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- A round-up of Sunday editorials from Florida’s leading newspapers
- Oystermen fear closing of Apalachicola Bay
- Martin O’Malley joins Charlie Crist on the stump Sunday in Davie
- It’s official, red light cameras in St. Pete are coming down
That Survey USA poll should be setting off alarm bells in Charlie Crist’s campaign
Last week, I wrote about an under-reported reason why Governor Rick Scott may have closed the gap with/overtaken Charlie Crist in recent polls.
Based on what I was reading from a poll commissioned by a statewide business group, Scott’s rise in the polls has taken place at the same time an increasing number of Floridians believe the state is heading in the right direction.
Forty percent of Floridians think the state is on the “right track,” up from just 34 percent in the February poll. Mind you, 47 percent of Floridians think the state is headed in the wrong direction. But it’s hard to separate Scott’s improvement in this poll from the increased number of Floridians who believe the state is moving in the right direction.
At the time of that writing, the crosstabs for a separate poll from Survey USA showing Scott leading Crist by two points were not available. They have since been released and, reading them, the Survey USA poll shoud be setting off alarm bells in Crist’s campaign.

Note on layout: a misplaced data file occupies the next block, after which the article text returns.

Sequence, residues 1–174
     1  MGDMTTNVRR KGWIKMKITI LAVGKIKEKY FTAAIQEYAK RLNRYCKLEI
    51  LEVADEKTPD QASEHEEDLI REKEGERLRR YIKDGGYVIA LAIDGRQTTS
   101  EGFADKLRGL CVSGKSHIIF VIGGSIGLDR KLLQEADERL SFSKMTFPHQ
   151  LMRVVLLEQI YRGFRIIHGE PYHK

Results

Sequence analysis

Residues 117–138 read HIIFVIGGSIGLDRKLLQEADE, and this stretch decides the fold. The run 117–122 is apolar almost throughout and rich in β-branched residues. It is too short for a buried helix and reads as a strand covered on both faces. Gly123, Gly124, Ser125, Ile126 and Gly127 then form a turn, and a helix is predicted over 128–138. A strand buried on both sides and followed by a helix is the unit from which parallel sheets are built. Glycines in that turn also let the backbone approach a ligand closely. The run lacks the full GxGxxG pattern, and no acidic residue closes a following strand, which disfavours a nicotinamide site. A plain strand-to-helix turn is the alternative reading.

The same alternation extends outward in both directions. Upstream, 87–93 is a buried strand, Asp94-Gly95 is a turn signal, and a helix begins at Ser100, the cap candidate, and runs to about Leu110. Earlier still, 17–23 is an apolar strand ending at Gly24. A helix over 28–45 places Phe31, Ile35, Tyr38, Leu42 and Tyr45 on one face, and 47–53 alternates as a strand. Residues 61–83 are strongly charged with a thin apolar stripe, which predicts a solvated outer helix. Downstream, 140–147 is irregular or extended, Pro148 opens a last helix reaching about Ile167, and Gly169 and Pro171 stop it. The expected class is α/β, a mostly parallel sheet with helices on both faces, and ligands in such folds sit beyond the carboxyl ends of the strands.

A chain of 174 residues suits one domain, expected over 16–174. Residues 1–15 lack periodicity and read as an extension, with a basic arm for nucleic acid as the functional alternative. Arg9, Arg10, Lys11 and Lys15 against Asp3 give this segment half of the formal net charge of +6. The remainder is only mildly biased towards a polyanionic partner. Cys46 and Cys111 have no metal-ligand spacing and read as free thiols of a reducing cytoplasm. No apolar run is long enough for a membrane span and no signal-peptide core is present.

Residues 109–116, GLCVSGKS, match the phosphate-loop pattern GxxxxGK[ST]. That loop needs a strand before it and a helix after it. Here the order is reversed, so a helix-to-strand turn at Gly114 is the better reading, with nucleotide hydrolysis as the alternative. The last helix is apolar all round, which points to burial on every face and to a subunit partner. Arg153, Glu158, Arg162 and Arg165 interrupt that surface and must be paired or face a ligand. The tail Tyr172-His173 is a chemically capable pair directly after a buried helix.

Unlike the poll from the statewide business group — which offered the possibility that Scott’s improved numbers were related to the state’s improving economy — the Survey USA makes it clear that Scott’s rise is coming at the expense of Crist.
According to the crosstabs, where there is positive movement for Scott: in Central Florida, which includes 19 counties surrounding Orlando, the governor has gained ground in each of 4 tracking polls and today leads there 47% to 34%. (See the track here.)
Among moderates, Crist had a 25-point advantage two weeks ago; that lead has now been cut in half. (See the track here.) Among males, Crist has been steadily losing ground, and now trails by 14 points; the gender gap is today 26 points.
Crist’s support is down among whites, down among blacks. Among Cubans, Scott now leads two-to-one.
Those alarm bells at Crist campaign headquarters going off yet?